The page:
You are still entitled to medical treatment if your doctor says you will continue to need this. While “maximum medical improvement” is supposed to mean what it says – the end of the healing period, or when you are as good as you’re going to get, it often really means the treating physician doesn’t have anything more to offer.

This doesn’t mean that you’ll never see a doctor again – as much as the adjuster might hope that’s what it means. If you need to see a doctor quarterly or yearly your doctor should say so. If you are going to continue on medication your doctor should say so. And if you are going to require ongoing therapy of some type your doctor should say so. Your adjuster is responsible for all of this.

Many times, adjusters have told injured workers that workers’ compensation didn’t have to provide for medical treatment or prescriptions as of the date of maximum medical improvement. This is inaccurate. It’s possible that the adjuster really believes this or it’s possible that the adjuster believes this is what the law should be. But it’s not what the law is. If necessary, you are entitled to medical treatment for this condition indefinitely – even if that’s for life.

What you need to look for when the doctor is declaring you to be at maximum medical improvement is (a) what additional treatment, evaluation, or medicine do you need and (b) who does your doctor think should provide it. We see a lot of instances where the doctor intends there to be a continuing source of prescriptions but doesn’t make a specific referral to your family doctor or another physician to be writing those prescriptions. Without that referral don’t be surprised if the adjuster refuses to pay for prescriptions written by your family doctor – even if they are identical to what her hand-picked doctor had written for you just the month before.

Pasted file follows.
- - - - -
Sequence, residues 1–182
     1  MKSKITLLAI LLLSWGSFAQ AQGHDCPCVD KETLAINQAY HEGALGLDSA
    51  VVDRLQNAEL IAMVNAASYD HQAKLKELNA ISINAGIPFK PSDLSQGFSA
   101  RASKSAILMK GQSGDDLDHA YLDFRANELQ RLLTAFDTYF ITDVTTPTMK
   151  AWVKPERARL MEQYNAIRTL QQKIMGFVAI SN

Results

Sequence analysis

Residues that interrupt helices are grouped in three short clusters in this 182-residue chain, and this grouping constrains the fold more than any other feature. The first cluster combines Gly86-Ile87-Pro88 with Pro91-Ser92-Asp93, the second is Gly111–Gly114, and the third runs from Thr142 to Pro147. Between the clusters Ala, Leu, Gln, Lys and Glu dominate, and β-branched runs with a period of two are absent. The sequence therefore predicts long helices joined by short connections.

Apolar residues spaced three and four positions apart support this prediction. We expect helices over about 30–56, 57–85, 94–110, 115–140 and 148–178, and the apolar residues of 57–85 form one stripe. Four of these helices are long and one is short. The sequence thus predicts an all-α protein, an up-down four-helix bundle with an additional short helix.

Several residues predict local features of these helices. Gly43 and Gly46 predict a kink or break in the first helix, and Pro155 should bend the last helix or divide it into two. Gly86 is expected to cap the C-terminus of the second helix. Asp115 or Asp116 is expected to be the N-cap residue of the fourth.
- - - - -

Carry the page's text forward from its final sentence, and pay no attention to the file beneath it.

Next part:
What are permanent partial impairment ratings?

Workers' Compensation

Permanent Partial Impairment ratings are given by the doctor at maximum medical improvement. These are intended to document the loss of use you have to your injured body part.

The legislature has assigned a value, expressed in weeks, to your body:

Back 300 weeks

Arm 240 weeks

Hand 200 weeks

Thumb 75 weeks

First finger 45 weeks

Second finger40 weeks

Third finger 25 weeks

Pinkie finger 20 weeks

Big toe 35 weeks

Other toes 10 weeks

Foot 144 weeks

Leg 200 weeks

Eye 120 weeks

A “week” is one week of your compensation rate – the amount you were paid each week while out of work.

There are a few things to keep in mind about ratings. First, ratings are the primary means of compensating or settling with an injured worker who can return to his or her old job or make just as much money as before. If you aren’t able to return to your old wage-earning levels don’t worry about your rating.

Second, if the adjuster doesn’t like the rating that her hand-picked doctor gave you then she can send you for a second opinion on the rating. On the other hand if we don’t like the rating we can get a second opinion with a doctor of our choosing and the adjuster has to pay for it.

Third, the rating is usually paid out week by week, not in a lump sum. The adjuster may do it in a single payment but it’s likely she won’t and she’s not require to do so.

Fourth, as with the rest of the money you receive from workers’ compensation this is tax-free money.